Cancer Grand Challenges
Our mission is to make transformative leaps in cancer research. By facilitating global collaboration and innovation we are taking on the toughest challenges that are blocking progress against cancer. Our end goal is to deliver the greatest benefit for patients and people affected by cancer around the world.
Through large-scale funding we are supporting a global network of scientific talent to find the solutions to these problems. No single discipline, laboratory or scientific community can do this on their own.
Cancer Grand Challenges is enabled through a global partnership between Cancer Research UK (CRUK) and the National Cancer Institute (NCI) in the US, which began in 2020.
Together, we are creating a global network of like-minded individuals and organisations all working towards a common goal: accelerating progress against cancer.
Doing things differently
We’re taking a unique approach to solving cancer’s toughest problems. We set challenges, identified by our world-renowned scientific committee and invite the research community to tackle these in pursuit of life-changing discoveries.
Each step in the scientific process – identifying the challenges, reviewing the scientific proposals, supporting the best multidisciplinary teams – has been designed to foster high-impact research and scientific creativity.
Find out about funding
What's happening right now?
Since 2015, we’ve invested over £130m into the most talented researchers from across the globe. We’ve funded 7 teams featuring 73 research groups and spanning 9 countries.
Partner with us
Our global platform is connecting researchers, patients, philanthropists, foundations and funding agencies.
The scale of our ambition requires equally ambitious investment in talent and resources.
Meet our scientists
Our Cancer Grand Challenges scientists are reaching across geographic boundaries and disciplines to assemble teams with unmatched expertise.
Professor Stephen Elledge, SPECIFICANCER
Understanding why cancers grow in some tissues and not in others
The SPECIFICANCER team is led by Professor Stephen Elledge and funded through a partnership between Cancer Research UK and the Mark Foundation for Cancer Research. The team want to generate a comprehensive map of cancer drivers and their specificity to different tissues, they are are tackling the challenge 'Devise approaches to prevent or treat cancer based on mechanisms that determine tissue specificity of some cancer genes'.
Professor Thea Tlsty, STORMing Cancer
A new way to tackle inflammation-associated cancer
Professor Tlsty's STORMing Cancer team want to find novel ways of treating cancer that has been caused by inflammation, and develop new options to prevent cancer developing in high-risk patients with chronic inflammatory diseases. They are tackling the challenge 'Determine the mechanisms that cause cancer without known mutagenesis, such as obesity, in order to devise novel interventions'.
Professors Wendy Garrett and Matthew Meyerson, OPTIMISTICC
Manipulating the microbiome to beat bowel cancer
Professors Meyerson and Garrett's OPTIMISTICC team want to discover exactly how certain microbes inside the body lead to cancer development and influence a patient’s response to treatment. The are tackling the challenge 'Determine the mechanisms that cause cancer without known mutagenesis, such as obesity, in order to devise novel interventions'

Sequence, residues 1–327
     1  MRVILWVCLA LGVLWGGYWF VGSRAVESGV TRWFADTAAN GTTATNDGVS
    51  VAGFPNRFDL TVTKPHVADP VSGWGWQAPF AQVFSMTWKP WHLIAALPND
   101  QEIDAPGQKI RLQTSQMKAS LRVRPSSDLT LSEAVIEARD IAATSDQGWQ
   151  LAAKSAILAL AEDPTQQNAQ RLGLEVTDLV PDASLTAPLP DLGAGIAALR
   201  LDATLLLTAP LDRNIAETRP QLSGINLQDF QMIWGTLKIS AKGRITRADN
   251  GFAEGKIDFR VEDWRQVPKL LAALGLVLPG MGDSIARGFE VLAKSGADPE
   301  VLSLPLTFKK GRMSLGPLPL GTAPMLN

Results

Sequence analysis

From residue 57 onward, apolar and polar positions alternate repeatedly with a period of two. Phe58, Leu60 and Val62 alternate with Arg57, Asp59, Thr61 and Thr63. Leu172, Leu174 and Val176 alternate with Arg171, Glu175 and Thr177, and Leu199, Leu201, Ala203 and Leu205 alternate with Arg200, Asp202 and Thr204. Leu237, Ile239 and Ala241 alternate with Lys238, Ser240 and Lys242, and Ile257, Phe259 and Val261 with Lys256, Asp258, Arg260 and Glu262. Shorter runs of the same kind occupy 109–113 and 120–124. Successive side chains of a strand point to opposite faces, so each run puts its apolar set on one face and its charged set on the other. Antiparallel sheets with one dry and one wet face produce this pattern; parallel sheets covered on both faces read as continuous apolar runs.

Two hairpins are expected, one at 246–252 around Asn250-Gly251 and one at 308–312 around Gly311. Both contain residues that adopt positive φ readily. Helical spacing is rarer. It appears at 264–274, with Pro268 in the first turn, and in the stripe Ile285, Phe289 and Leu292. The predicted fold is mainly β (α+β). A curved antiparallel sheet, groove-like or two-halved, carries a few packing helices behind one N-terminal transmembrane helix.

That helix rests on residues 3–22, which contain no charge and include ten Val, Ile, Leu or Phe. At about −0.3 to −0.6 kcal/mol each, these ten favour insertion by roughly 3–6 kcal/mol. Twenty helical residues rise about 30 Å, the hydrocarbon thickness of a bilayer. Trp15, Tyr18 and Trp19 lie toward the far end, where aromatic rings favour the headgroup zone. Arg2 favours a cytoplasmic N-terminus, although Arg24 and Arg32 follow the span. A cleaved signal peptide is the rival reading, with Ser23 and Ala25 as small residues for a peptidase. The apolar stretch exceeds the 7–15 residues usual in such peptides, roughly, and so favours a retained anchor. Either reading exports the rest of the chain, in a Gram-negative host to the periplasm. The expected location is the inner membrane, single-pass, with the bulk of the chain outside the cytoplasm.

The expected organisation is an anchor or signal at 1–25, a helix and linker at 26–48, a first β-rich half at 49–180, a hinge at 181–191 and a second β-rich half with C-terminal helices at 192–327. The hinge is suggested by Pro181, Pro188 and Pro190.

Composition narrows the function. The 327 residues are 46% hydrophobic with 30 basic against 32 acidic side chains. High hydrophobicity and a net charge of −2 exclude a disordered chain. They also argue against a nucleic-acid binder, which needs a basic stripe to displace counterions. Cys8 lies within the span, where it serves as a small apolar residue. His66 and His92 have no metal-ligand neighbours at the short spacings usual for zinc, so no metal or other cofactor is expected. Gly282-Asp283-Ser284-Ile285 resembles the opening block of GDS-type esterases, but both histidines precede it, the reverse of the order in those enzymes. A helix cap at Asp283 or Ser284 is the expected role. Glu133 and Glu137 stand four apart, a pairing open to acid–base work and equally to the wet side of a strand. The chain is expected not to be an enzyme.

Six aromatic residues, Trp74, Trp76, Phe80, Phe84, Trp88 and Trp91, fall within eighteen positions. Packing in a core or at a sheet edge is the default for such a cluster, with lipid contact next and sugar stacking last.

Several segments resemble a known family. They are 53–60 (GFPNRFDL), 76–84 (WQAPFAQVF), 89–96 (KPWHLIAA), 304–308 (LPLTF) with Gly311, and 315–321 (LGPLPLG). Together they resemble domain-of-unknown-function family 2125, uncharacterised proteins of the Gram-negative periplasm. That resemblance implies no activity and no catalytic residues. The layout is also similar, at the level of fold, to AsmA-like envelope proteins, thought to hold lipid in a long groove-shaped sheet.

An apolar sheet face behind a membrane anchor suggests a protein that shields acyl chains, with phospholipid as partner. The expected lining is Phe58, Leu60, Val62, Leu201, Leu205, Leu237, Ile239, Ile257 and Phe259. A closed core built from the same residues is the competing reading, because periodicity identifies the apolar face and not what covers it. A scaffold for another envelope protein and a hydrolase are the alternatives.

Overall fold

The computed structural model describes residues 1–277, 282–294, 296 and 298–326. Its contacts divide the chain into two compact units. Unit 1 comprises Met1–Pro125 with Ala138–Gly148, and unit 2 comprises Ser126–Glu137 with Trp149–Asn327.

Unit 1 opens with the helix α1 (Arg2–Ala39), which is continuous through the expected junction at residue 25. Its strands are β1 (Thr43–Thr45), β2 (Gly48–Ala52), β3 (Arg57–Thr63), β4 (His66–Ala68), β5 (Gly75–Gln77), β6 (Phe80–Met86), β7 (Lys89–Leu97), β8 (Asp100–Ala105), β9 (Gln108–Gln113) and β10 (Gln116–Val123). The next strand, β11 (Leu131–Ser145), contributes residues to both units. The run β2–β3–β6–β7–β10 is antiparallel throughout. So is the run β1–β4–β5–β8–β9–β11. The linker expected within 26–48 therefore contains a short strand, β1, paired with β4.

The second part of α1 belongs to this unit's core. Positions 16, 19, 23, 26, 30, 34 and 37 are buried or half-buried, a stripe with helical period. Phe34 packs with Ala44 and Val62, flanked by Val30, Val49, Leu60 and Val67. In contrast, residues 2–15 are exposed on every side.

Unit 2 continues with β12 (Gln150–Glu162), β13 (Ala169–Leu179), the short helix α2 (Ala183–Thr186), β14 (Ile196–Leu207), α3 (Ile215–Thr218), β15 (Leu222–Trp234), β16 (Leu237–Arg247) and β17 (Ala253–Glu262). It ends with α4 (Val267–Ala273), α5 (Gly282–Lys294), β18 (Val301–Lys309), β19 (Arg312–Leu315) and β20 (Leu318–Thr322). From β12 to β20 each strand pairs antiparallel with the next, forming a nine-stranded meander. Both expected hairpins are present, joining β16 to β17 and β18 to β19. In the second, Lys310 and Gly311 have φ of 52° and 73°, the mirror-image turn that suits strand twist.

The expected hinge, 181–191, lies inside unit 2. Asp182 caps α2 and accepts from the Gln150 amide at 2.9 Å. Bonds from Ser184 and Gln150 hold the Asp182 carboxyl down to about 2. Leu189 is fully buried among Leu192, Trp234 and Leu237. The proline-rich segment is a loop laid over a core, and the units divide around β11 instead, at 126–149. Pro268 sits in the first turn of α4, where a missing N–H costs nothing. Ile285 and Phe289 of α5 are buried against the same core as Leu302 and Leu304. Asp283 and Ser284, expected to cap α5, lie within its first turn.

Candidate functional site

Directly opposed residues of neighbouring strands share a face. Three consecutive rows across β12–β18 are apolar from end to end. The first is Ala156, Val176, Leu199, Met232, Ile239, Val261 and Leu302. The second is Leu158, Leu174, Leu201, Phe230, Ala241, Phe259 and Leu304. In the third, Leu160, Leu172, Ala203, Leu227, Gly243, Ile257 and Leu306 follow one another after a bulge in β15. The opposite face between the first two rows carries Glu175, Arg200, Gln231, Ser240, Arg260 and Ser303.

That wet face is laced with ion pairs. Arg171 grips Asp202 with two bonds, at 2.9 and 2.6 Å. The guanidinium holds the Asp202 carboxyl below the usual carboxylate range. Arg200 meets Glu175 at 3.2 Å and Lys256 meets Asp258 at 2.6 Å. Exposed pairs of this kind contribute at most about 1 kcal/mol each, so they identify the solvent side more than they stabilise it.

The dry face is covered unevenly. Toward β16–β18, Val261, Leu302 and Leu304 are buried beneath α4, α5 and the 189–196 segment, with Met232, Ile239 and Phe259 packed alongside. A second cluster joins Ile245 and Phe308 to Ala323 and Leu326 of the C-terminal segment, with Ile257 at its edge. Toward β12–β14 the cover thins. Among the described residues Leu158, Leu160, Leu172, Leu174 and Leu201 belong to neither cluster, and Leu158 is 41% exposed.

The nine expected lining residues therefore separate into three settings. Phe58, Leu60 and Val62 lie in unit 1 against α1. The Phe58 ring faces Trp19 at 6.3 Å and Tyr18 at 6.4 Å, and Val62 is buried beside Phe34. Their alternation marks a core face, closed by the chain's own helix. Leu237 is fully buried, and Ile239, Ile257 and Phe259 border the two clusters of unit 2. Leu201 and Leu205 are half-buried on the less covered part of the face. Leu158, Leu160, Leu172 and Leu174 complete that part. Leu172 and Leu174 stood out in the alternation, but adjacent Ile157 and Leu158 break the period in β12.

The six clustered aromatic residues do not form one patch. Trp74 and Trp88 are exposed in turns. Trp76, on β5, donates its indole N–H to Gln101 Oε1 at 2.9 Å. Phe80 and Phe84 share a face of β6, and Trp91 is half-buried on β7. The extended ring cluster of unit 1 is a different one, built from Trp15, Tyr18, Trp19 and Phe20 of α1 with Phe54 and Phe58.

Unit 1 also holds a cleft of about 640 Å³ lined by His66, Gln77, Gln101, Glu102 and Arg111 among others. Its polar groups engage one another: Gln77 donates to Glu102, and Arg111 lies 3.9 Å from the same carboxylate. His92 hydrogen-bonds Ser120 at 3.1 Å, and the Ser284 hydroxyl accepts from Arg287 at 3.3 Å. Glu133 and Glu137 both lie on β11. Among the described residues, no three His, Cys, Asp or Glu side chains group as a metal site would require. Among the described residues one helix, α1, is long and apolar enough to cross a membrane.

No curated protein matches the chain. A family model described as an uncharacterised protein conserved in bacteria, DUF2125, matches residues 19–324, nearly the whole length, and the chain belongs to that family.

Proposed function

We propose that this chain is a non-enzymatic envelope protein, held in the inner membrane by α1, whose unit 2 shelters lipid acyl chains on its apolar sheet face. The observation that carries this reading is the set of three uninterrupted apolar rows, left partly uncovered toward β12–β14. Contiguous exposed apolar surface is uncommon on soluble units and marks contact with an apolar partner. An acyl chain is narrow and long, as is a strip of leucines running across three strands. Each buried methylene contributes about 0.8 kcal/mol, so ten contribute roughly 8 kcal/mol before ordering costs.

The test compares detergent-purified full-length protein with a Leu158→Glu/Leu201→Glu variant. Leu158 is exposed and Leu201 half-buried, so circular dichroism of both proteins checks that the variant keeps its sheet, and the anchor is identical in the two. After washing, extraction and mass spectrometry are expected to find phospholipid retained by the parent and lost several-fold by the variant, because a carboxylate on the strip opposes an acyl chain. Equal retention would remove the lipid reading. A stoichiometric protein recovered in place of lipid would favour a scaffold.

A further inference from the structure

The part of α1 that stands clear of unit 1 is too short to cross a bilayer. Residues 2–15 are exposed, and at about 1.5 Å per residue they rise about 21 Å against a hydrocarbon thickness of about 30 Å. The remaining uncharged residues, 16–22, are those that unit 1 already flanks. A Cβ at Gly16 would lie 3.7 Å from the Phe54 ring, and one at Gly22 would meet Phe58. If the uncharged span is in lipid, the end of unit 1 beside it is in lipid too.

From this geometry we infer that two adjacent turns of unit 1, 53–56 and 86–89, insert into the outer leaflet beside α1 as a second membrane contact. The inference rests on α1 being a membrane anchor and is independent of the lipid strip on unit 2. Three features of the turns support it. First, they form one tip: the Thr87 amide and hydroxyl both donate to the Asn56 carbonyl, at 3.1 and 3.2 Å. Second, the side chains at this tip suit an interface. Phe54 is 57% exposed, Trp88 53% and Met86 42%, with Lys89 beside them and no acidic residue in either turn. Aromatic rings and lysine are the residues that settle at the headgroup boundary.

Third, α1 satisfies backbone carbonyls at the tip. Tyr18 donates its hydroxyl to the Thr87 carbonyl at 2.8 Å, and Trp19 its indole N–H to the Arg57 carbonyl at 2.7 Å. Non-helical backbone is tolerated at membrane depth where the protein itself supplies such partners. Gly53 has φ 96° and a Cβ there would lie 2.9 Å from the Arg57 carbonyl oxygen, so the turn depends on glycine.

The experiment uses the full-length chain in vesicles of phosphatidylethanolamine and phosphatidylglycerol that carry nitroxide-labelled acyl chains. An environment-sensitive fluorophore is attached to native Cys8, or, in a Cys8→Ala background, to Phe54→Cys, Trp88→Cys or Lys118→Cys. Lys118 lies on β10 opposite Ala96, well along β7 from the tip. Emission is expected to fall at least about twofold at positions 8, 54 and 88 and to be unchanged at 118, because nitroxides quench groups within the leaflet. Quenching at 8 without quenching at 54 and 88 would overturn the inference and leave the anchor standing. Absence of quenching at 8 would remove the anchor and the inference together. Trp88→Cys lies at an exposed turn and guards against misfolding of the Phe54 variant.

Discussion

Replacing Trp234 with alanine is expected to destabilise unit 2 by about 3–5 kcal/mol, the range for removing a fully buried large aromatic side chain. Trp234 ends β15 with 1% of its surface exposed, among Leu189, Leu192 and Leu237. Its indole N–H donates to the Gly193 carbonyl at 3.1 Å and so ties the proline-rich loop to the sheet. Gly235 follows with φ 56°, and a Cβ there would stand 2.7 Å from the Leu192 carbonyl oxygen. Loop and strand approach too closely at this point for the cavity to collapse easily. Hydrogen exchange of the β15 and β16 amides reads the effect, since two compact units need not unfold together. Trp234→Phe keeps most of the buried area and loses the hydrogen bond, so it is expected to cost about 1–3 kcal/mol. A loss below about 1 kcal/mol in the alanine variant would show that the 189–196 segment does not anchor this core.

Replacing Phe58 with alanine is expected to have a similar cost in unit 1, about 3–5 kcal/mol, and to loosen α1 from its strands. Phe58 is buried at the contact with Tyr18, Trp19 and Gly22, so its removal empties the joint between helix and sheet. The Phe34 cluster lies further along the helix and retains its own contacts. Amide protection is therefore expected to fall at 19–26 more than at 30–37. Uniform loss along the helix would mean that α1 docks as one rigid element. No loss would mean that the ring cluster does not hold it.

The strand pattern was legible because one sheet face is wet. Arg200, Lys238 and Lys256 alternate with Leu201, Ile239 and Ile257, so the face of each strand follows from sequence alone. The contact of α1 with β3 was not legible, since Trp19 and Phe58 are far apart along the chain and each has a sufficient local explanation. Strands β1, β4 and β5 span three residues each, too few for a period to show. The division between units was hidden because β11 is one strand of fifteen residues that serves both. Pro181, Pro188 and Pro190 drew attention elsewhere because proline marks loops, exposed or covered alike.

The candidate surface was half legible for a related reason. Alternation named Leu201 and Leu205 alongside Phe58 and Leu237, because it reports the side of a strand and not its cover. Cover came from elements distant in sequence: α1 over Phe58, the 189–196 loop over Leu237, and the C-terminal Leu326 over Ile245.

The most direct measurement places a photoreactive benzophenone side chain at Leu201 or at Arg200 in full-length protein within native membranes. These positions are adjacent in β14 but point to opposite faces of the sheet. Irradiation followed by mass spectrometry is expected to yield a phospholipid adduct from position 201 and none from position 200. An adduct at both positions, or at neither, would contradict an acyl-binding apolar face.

Professor Mike Stratton, Mutographs
Identifying preventable causes of cancer
In a project of epic scale that spans 5 continents, Professor Stratton’s Mutographs team aim to build a deeper understanding of what causes DNA damage and how it leads to cancer. Their work could help prevent more cancers and reduce the global burden of this disease. They are tackling the challenge 'Discover how unusual patterns of mutation are induced by different cancer-causing events'.
Professor Greg Hannon, IMAXT
Creating virtual reality maps of tumours
Combining established techniques with new technology, Professor Hannon’s IMAXT team will build 3D tumours containing every cell in them, which can be studied using virtual reality. This new way of studying breast cancer could change how the disease is diagnosed, treated and managed. They are tackling the challenge 'Find a way of mapping tumours at the molecular and cellular level'.
Professor Jelle Wesseling, PRECISION
Preventing unnecessary breast cancer treatment
By studying tissue samples from women with DCIS (a condition which can sometimes develop into breast cancer), Professor Wesseling’s PRECISION team aims to determine how to distinguish between those who need treatment and those who don’t, which could spare thousands of women unnecessary treatment. The PRECISION team is funded through a partnership between Cancer Research UK and the Dutch Cancer Society, they are tackling the challenge 'Distinguish between lethal cancers that need treating, and non-lethal cancers that don’t'.
Professor Josephine Bunch, Rosetta
Studying tumour metabolism from every angle
Using various new mass spectrometry imaging techniques, the Rosetta team, led by Professor Bunch, will develop a new way to map tumours in unprecedented detail – from the whole tumour to the individual molecules in cells. The work could lead to new ways to diagnose and treat cancer. The team are tackling the challenge 'Find a way of mapping tumours at the molecular and cellular level'.